Detectives from the Afterlife Department investigate crimes on the other side of the grave and chase after overzealous evil spirits. A young cop, after his death at the hands of an unknown intruder, who has fallen into the other world, in exchange for help in investigating his own murder agrees to spend the next hundred years in the R.I.P.D. and, having a brutal Western-era shooter as his partner, goes out to fight the unquiet evil.
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Even though the plot of this film is based on a stand-alone comic book, the analogy with ‘Men in Black’ is self-evident, and it is impossible not to notice the almost identical concept here. In such a situation the hopes for originality disappear by themselves; but there are hopes for a decent realization of the familiar concept, for which the not-so-small budget also disposes. But there are many films this year with solid potential to become long-running franchises that unquestionably blew their potential with mediocre realization, and R.I.P.D. seems likely to join these ranks.
From the very first shots, the film tries to be ironic, featuring ‘something’ bouncing around a skyscraper and Reynolds’ character’s ‘You think you’re having a bad day?’ comment. And then we are immediately taken back to the events that took place ‘three or four days ago’, when unaware of his untimely death Nick Walker (Ryan Reynolds) was burying some gold wreckage in the yard of his house, hastily disguising the place with an orange tree. It wouldn’t be long before Nick would be mortally wounded in a gunfight, and after ‘ascending’ to heaven would receive an offer to join the ranks of the ‘Rest in Peace’ department on a voluntary-forced basis. ‘Celestial Chancery’ here is mostly like a bizarre mix of ‘Men in Black’ with ‘Parallel Worlds,’ only without the ingenuity of the former and the enormity of the latter. Nick’s new chief (Mary-Louise Parker) introduces him to his new partner, Roy (Jeff Bridges), a department veteran. “In my day, people like me were called lawmen,” Bridges’ character informs him, making an ironic reference to Iron Grip. But to compare the actor in the two films is like comparing Schwarzenegger’s performance in ‘Terminator 2’ with his performance in ‘Terminator 3’: it seems that all the expected grins, grimaces and intonations are in their places – but the effect is zero. Instead of a living charismatic hero here we see only a template image of an older grumpy partner, issuing all the wealth of duty replicas, which had enough to the authors of the dialogue. Without thinking twice, the partners go on a fresh mission, and the older introduces the younger fluently, explaining the essence of the dead men and presenting one (!) Type of departmental weapon. That is, there will be no abundance of a variety of ingenious gadgets, as in the same MIB. And in general – the whole concept of the afterlife with the corpses living on Earth and trying to avoid the Last Judgment this way looks very crude; many moments have the character from the series ‘don’t ask too many questions’ – and that would be excusable if the movie properly fulfilled its main entertaining function.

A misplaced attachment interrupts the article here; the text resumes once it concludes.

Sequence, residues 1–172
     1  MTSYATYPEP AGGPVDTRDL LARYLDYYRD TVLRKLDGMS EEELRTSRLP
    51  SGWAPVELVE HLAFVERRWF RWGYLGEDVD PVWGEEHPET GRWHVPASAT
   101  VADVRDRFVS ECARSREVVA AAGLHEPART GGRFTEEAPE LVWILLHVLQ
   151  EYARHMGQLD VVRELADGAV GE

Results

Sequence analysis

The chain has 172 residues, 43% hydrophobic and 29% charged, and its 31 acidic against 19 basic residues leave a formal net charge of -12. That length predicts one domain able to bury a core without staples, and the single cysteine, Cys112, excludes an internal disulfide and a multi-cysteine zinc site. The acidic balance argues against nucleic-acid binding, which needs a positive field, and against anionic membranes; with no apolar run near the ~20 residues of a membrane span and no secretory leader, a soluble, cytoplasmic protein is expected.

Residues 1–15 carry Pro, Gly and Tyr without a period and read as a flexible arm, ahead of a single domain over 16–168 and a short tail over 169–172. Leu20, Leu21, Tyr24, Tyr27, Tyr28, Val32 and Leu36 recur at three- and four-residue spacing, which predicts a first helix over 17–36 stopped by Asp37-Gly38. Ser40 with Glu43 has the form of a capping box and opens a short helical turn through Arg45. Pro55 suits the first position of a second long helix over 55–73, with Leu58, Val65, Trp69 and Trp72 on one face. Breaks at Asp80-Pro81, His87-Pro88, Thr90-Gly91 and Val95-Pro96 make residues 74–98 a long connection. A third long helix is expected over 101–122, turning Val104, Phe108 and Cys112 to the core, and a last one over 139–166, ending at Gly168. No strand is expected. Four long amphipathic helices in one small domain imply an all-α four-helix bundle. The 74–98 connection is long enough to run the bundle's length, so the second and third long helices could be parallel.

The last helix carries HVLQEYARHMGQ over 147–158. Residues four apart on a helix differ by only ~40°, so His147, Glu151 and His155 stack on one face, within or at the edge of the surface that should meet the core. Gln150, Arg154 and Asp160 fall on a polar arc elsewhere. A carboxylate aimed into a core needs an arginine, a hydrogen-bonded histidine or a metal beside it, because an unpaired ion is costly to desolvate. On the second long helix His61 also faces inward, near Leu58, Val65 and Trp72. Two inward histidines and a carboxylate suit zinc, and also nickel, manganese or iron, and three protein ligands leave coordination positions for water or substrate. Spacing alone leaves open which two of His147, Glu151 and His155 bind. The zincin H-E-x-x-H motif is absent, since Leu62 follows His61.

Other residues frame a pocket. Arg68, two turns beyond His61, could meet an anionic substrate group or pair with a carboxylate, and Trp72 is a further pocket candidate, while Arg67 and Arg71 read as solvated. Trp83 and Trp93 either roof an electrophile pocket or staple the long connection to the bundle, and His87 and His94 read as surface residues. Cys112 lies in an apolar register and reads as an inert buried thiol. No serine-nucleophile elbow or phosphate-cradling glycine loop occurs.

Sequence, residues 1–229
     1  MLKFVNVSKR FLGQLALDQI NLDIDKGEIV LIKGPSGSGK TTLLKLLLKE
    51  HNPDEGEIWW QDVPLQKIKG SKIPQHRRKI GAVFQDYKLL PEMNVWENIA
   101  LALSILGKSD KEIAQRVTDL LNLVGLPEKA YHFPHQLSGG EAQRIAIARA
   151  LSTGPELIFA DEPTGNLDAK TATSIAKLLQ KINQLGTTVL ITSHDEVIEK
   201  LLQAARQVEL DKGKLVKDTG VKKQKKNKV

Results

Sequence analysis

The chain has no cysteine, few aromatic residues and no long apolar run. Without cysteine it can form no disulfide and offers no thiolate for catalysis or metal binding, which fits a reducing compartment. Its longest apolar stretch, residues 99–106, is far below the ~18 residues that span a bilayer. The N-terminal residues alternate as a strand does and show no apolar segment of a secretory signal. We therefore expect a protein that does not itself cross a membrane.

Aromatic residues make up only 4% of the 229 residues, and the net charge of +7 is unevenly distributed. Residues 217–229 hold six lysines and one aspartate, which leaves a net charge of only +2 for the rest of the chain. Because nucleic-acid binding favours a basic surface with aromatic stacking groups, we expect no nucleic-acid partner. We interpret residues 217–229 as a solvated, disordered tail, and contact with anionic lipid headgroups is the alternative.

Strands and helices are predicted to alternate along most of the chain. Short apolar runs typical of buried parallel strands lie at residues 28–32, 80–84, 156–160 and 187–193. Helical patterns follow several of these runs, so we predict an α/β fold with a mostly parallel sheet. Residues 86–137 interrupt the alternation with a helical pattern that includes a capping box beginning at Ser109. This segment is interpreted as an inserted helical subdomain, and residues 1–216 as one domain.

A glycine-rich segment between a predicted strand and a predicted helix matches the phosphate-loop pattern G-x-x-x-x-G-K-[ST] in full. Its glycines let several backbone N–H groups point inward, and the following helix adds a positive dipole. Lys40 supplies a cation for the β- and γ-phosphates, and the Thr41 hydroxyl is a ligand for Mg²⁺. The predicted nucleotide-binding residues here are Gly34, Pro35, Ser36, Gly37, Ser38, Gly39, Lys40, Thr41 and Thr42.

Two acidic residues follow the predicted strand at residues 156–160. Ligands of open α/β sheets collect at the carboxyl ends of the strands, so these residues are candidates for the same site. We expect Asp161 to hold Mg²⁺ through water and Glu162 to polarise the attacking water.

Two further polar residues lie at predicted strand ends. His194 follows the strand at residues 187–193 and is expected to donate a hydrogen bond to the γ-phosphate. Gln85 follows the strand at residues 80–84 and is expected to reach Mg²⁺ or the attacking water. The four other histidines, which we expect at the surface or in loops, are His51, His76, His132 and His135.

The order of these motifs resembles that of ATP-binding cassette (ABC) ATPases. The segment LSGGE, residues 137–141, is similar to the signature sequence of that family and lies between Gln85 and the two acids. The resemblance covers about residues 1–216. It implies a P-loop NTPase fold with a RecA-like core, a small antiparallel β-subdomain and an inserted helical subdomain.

In fact, the film fails to enthrall with its story in any way. The overall mood here is imbued with secondaryity, linearity and a complete disregard for improvisation. And it can be seen at every level of the picture, be it the standardized dialogues, replete with painfully formal and therefore unfunny jokes, or the banal storyline, fluttering so obviously that in the second half the interest to what is happening disappears completely. Having presented their cardboard heroes to the audience by means of absolutely faded dialogues (they might as well have just put signs on them: ‘Old grumpy cop’ and ‘Young disobedient cop’), the creators first give them some time to fool around, some time to grieve, and then, having sketched out the background of a dull apocalypse, they switch to a methodical reproduction of boring action sequences, which peak monotony falls on the tedious finale of the film.
Meanwhile, it is not quite clear why the film, frankly designed for a family audience, has a couple of glimpses of rather vulgar jokes. Not cheesy, of course; it doesn’t ruin the rating – but still. If the film, as a whole, had been a little bolder, that would be one thing; but in this case, it’s all aged in a lightly naive mood, from which these moments are severely out of place. Besides, the jokes themselves aren’t all that funny – and the movie wouldn’t have lost anything if they had been cut. On the whole, ‘R.I.P.D.’ belongs to the category of pictures which evoke no emotions except boredom and bewilderment. It is uninspired, lacking in originality, intrigue and drive, and the use of 3D in such an average visuals is hardly justified.
Codec: HEVC / H.265 (75.1 Mb/s)
Resolution: Upscaled 4K (2160p)
Original aspect ratio: 2.39:1
English: DTS:X Master Audio 7.1 (48kHz, 24-bit)
English: Dolby Digital 5.1
Czech: DTS 5.1
French: DTS 5.1
French (Canada): DTS 5.1
German: DTS:X Master Audio 7.1 (48kHz, 24-bit)
Italian: DTS 5.1
Japanese: DTS 5.1
Polish: DTS 5.1
Spanish: DTS 5.1
English SDH, French, German, Italian, Japanese, Spanish, Czech, Danish, Finnish, Mandarin (Traditional), Norwegian, Polish, Swedish, Korean.